This week's issue of Nature focuses on the genetics of the Y chromosome. The big news is that scientists have just released the complete genetic sequence for the Y chromosome from one Buffalo area man known only by the designation RPCI-11. (more coverage)

For those not in the know on these sorts of things, human beings have 23 pairs of bundles of DNA called chromosomes that contain our complete genetic blueprints. One chromosome in each pair comes from each of your parents and the two are more or less identical, with one exception. Men receive from their fathers one copy of a chromosome that is not paired with a twin. The Y chromosome is much smaller than its partner (the X chromosome) and contains the separate genetic instructions that determine maleness.

Scientists had previously assumed that this chromosome was not very interesting, as it carried much less information than its more robust partner. As part of the ongoing effort to decode the human genome, scientists tackled it for a detailed analysis - probably with the idea of grabbing some low-hanging fruit.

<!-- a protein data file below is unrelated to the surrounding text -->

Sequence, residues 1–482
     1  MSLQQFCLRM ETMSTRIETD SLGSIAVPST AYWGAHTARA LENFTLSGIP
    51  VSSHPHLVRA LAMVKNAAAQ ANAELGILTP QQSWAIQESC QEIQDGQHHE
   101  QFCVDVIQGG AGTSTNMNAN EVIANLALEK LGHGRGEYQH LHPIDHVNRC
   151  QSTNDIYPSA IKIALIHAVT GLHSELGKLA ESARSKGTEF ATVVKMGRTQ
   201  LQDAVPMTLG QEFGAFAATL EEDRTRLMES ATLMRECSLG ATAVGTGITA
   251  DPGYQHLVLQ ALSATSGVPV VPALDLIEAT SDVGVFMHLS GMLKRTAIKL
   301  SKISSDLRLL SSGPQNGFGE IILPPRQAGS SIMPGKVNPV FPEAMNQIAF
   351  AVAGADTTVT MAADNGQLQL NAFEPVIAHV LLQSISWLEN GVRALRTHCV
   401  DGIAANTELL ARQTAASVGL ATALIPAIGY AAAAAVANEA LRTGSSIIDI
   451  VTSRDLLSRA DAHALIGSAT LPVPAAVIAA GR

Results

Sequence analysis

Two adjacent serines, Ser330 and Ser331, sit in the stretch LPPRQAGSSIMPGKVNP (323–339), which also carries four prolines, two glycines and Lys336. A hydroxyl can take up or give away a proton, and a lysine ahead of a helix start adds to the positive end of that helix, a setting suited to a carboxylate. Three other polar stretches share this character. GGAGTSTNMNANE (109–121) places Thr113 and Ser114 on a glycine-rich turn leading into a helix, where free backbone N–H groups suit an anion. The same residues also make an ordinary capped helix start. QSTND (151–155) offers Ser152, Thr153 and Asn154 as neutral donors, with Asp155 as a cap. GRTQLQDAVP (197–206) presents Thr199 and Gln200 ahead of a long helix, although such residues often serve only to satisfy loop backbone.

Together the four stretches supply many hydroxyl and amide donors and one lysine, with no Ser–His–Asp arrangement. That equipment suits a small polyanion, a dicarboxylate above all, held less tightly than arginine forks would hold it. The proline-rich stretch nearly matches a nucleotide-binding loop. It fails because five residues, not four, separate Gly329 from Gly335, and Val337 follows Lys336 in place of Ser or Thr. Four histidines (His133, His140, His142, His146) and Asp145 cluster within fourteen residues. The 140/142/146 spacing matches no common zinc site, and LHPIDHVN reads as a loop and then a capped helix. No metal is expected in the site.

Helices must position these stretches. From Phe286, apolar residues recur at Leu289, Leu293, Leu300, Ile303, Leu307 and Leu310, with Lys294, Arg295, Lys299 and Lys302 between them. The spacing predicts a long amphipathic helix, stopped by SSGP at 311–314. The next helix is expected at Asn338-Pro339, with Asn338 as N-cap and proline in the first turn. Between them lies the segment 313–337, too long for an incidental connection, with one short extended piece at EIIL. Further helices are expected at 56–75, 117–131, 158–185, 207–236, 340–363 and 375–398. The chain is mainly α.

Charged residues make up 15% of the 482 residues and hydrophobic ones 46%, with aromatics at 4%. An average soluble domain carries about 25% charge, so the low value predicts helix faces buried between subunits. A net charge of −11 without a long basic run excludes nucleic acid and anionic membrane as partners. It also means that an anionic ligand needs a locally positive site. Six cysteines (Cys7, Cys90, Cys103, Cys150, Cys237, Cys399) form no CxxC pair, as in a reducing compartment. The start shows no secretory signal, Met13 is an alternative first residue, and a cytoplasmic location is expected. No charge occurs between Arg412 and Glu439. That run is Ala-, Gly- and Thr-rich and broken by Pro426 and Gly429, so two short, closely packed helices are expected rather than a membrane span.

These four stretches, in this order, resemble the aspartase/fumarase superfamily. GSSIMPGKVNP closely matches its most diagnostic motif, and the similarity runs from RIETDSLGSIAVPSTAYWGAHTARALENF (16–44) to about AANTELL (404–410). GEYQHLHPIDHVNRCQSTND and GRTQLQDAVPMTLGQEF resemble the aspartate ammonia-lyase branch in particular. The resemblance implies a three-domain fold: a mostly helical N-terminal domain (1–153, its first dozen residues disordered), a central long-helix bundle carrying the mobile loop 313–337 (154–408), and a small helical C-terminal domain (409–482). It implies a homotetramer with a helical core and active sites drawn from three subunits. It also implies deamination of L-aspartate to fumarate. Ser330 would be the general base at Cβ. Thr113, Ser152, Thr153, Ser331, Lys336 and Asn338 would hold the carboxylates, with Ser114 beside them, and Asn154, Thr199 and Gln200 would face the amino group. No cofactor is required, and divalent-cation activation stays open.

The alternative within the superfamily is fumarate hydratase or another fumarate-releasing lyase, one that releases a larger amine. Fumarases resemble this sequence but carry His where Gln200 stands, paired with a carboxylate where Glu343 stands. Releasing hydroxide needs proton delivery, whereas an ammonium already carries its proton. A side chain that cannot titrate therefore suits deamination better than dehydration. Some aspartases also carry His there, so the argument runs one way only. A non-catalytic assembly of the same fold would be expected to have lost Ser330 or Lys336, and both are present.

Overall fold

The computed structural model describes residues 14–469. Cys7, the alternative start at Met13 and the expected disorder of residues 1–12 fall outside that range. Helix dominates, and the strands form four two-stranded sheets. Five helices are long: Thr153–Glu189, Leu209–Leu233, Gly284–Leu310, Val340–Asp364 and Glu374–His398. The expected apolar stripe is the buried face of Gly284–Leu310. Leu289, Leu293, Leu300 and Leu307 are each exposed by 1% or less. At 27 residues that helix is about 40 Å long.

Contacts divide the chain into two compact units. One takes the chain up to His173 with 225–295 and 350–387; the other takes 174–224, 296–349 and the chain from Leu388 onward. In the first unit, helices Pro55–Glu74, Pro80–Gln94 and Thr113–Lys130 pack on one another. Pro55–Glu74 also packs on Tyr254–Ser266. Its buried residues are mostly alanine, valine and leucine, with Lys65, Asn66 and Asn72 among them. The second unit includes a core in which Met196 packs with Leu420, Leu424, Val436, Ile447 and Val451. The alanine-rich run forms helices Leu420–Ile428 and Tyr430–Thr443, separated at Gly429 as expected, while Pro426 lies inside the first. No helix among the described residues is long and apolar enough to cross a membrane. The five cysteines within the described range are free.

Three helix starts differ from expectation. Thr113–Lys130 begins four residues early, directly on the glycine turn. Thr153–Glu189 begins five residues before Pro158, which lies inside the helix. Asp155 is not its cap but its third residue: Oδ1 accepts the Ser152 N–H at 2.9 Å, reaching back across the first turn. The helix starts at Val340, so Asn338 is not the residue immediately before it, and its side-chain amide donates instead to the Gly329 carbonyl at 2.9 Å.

Their investigation led to some unexpected results, however, including the revelation that there is more genetic variation between men and women than between humans and chimpanzees of the same gender. Another interesting result centers around one of the main benefits of sexual reproduction, a process called "recombination", where each chromosome has a chance to mingle with its partner, sharing information and developing. But the Y chromosome, lacking a partner, cannot do this. The study revealed that it has developed a way to compensate, by recombining with itself, thus leaving men open to the accusation that they're self-involved on the most profound genetic level.